My mother has moved in with me. It seems like only yesterday that we were just like this, her in the drivers seat, her being the one to keep me steady on my feet, her keeping me balanced so that I didn't go careening off into the dark night, bad decisions, high fevers, or swampy creeks.
Now I'm the one that is trying to keep things balanced. Keeping them from tipping over. We are having such a great time. Really, we are. You laugh? You doubt it? I can see why. There are days that I stomp through the house exhasperated by her every sigh or comment. Days where I turn fourteen and want to go to room and slam the door. But my door doesn't slam because its just one more thing I have to fix in this house so there's no point. Instead, we find something we can agree on to watch or we tell old stories and laugh. Thank God she has a sense of humor. Most days I have mine. She follows me around the house with lipstick trying to get me to just "put a little color on" and reminds me to use lotion on my face. A lot. Like every time she looks at my face. She is also the Queen of the List. There is always a list of things we need. As soon as I leave for the store a new list has begun. Daily trips to the store are a bizarre part of my family history. It's as if we can only buy one thing a day. Or three. But never all of the things. When I was in high school and was sent to the store that was fine because Cousin Deb was with me and we always took the really, really long way which means we did everything we wanted to between the house and the store. Now the store is a chore. Particularly when someone is following your around the house with a plastic bag that has the name of a particular brand of three ply double roll extra size super soft paper with no truck tracks in the middle of it so that you can "READ every word so you get it exactly right." This is why I studied literature. I just know it. It's come to this.
But I get it. The little things matter when they seem to be the only things you might possibly have control over. The pressures of giving up your home after fifty years, making a move to the mountains after being a flatlander all your life (her words) and giving up so many shades of independence are challenging in every way. Trying to still find things when many are still in storage, reaching for the light in the middle of the night and realizing it's in the wrong place. That everything is in the wrong place. Mourning an old house like a family member. Because it was such a part of the family for so many years. The shelter for every tropical storm and hurricane. That little brick house held every family member far and wide while the storms raged outside. It was our lifeboat and our arc. Through the literal Florida storms and from life's storms. When grandparents grew sick and elderly and moved in with us. When there were car wrecks and bad news. The death of pets. Of bad grades. Broken hearts. Celebrations. Birthdays. It was all right there and my mother was the captain of that ship. Period. My Daddy was in the Army and away much of the time until he retired. Then he came home and took his place without ever removing her from hers.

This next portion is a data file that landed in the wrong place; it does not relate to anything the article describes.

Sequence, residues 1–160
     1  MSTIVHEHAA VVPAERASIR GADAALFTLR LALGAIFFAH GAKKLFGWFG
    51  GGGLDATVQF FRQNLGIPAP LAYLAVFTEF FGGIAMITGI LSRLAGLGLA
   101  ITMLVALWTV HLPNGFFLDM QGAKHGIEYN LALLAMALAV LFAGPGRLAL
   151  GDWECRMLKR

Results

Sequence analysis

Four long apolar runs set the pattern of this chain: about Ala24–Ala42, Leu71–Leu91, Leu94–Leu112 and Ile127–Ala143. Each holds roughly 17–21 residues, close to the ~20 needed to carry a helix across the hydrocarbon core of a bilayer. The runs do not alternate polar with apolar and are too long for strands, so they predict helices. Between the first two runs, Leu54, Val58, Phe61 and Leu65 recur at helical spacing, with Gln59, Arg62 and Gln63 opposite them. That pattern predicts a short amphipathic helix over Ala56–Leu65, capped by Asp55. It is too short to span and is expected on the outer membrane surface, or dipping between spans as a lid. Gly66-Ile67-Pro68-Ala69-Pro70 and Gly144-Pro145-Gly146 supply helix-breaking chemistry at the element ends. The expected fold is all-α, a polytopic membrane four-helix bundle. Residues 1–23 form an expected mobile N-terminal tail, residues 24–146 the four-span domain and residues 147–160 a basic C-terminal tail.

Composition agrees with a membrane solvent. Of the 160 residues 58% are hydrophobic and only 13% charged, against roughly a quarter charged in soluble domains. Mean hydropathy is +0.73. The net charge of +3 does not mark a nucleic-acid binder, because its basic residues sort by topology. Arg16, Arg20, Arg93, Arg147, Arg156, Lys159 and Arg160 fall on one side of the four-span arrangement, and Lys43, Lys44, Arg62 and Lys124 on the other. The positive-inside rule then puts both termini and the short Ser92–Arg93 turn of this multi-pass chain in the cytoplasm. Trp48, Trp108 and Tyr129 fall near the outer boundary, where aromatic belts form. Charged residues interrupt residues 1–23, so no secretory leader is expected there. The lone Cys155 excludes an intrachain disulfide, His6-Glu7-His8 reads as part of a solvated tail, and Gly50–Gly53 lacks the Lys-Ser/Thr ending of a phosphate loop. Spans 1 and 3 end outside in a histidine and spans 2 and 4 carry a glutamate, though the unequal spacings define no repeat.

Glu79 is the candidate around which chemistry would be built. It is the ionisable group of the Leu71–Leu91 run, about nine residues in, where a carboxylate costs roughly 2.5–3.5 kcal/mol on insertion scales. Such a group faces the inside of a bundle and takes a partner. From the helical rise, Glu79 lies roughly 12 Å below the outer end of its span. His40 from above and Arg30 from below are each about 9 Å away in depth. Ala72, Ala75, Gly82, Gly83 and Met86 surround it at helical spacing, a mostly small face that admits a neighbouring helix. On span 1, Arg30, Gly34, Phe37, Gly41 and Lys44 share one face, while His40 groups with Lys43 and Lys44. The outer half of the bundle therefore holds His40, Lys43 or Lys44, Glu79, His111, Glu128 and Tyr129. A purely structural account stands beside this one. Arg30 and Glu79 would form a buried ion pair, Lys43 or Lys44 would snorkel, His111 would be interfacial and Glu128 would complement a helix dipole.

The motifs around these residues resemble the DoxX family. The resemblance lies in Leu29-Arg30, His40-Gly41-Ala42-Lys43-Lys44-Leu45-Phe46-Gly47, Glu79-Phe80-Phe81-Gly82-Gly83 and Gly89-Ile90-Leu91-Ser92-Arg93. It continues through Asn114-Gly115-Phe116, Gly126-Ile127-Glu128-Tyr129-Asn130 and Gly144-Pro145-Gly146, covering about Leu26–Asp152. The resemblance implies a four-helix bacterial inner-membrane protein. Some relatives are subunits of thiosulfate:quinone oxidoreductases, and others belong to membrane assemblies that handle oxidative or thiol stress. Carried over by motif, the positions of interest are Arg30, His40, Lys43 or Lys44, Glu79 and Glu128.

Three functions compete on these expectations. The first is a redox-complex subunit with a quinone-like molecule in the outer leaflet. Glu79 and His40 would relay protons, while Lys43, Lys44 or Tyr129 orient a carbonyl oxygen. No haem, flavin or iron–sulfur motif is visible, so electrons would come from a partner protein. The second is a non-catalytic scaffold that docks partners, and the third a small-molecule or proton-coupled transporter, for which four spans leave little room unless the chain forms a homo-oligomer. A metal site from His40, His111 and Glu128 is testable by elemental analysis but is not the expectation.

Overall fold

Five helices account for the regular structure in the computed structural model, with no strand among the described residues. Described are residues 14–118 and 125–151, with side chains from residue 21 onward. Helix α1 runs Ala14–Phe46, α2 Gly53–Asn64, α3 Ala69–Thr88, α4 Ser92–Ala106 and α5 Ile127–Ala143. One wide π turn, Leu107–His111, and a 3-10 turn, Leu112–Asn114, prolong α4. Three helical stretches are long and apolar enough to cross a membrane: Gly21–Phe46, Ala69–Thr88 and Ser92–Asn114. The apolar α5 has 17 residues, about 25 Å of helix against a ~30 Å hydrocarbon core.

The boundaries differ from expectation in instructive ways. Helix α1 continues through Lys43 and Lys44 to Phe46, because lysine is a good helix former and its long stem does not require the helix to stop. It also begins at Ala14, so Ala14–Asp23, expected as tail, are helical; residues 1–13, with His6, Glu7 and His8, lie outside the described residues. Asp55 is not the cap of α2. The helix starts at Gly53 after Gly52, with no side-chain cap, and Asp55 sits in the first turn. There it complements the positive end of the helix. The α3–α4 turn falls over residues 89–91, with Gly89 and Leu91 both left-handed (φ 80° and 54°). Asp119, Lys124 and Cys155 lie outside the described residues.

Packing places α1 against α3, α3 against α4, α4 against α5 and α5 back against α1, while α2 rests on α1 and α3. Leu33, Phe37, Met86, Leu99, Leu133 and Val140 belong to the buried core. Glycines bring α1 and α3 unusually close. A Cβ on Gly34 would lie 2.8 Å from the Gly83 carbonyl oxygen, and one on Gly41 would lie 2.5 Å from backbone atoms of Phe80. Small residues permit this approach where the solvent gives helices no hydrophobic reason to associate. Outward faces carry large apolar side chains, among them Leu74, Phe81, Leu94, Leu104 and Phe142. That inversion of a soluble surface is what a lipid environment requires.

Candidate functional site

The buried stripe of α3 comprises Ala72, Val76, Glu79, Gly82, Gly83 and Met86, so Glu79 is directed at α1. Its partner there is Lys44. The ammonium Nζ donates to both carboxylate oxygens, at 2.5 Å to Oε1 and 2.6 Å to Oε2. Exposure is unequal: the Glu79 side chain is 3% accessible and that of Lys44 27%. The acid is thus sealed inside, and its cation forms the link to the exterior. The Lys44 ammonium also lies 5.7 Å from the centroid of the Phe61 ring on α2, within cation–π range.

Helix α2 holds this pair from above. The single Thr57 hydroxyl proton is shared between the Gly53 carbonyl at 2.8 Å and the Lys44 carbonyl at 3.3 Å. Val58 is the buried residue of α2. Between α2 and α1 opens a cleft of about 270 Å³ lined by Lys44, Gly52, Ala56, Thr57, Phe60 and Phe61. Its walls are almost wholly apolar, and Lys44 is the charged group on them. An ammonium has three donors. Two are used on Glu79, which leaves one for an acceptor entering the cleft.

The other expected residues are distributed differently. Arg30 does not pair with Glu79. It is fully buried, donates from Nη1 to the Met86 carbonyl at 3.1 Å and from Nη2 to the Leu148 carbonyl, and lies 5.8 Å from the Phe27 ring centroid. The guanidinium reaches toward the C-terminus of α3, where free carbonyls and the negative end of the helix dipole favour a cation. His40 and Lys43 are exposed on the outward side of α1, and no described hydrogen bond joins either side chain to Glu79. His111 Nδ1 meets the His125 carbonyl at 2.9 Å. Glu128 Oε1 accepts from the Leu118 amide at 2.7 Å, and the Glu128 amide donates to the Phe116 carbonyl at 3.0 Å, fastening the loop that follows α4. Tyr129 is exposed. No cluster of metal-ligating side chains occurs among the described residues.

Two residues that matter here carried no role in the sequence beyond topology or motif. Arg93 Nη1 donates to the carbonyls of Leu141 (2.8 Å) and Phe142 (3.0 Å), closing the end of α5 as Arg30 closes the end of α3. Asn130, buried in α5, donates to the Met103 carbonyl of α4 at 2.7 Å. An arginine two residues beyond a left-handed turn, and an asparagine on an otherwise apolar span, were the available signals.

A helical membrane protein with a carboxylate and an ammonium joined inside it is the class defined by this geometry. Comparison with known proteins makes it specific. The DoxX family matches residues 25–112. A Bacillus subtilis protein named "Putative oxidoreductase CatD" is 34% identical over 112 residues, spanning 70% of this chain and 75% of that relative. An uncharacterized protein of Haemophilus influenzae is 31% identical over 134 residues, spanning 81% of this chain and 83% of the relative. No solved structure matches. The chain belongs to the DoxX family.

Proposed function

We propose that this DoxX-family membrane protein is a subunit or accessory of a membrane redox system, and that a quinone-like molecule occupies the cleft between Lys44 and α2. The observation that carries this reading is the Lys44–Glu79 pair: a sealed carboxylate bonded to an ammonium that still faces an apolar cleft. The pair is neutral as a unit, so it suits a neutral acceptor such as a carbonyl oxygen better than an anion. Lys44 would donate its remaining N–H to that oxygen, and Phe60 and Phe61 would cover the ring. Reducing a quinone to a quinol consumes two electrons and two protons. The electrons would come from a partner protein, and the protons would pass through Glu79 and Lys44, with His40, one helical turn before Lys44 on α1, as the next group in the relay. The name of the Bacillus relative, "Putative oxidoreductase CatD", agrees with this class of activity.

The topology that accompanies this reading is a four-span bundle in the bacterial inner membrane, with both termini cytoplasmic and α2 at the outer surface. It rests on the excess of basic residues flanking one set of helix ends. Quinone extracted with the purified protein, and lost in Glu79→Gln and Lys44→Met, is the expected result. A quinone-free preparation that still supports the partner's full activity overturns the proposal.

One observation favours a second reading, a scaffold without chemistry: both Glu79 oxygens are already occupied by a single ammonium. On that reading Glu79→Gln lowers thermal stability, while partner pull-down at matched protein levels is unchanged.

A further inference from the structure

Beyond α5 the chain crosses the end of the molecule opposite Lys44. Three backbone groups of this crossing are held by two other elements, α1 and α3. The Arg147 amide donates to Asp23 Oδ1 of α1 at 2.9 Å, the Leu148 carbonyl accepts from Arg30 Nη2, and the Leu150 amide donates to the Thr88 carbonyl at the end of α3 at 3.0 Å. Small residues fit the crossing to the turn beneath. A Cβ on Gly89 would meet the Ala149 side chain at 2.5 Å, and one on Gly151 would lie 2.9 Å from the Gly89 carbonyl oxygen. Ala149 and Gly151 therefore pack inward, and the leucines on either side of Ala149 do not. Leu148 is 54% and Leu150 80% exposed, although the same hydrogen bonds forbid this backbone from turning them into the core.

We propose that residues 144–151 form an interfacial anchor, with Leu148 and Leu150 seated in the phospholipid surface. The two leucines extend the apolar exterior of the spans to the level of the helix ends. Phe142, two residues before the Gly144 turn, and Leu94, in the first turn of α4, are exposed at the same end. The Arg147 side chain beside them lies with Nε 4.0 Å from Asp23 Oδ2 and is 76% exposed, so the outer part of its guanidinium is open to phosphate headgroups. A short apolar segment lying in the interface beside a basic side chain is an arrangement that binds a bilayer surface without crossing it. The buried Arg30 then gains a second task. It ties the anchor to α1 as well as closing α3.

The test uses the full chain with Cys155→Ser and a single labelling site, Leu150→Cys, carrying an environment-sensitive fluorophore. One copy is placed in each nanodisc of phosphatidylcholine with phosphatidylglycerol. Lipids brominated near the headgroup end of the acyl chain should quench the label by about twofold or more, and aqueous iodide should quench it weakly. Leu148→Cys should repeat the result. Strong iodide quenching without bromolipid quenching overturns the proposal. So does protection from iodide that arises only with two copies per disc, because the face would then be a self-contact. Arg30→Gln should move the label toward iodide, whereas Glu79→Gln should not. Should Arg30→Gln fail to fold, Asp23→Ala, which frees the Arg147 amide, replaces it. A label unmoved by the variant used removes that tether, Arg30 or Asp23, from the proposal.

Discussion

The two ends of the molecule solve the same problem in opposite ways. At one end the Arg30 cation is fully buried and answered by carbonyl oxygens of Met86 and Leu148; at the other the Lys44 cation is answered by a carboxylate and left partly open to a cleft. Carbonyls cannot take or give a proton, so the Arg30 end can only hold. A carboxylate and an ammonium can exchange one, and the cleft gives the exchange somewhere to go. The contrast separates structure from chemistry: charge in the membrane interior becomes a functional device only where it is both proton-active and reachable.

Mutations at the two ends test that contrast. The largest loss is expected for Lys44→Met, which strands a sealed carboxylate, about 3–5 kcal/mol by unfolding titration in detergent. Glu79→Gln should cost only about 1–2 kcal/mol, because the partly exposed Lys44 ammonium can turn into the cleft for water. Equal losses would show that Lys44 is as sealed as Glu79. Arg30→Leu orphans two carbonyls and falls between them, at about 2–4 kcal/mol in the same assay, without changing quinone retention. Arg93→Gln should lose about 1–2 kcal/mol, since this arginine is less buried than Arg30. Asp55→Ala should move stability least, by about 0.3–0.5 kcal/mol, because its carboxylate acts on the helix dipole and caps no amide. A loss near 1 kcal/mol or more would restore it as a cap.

Now so many things fall to me. Just cause this is the way that life shook out. It has a way of doing that. Taking a road we didn't expect but then that is life. And as family we make the best of it. As a writer I empathize with my mother making a change so significant we don't discuss it too much. The decision to let go of the car keys - one of the hardest of a lifetime. My mother's parents never owned a car, never drove. If I felt the day I had my own set of keys and eventually my own set of wheels represented freedom - for her that had to be a kind of rising up and driving out that came from a much deeper place. It represented more than sixteen year old I gotta be me. It represented a rise out of poverty, a way to have a job and keep a job, a success that meant she could buy a little house, build a family, have a little girl that would ride shotgun some day.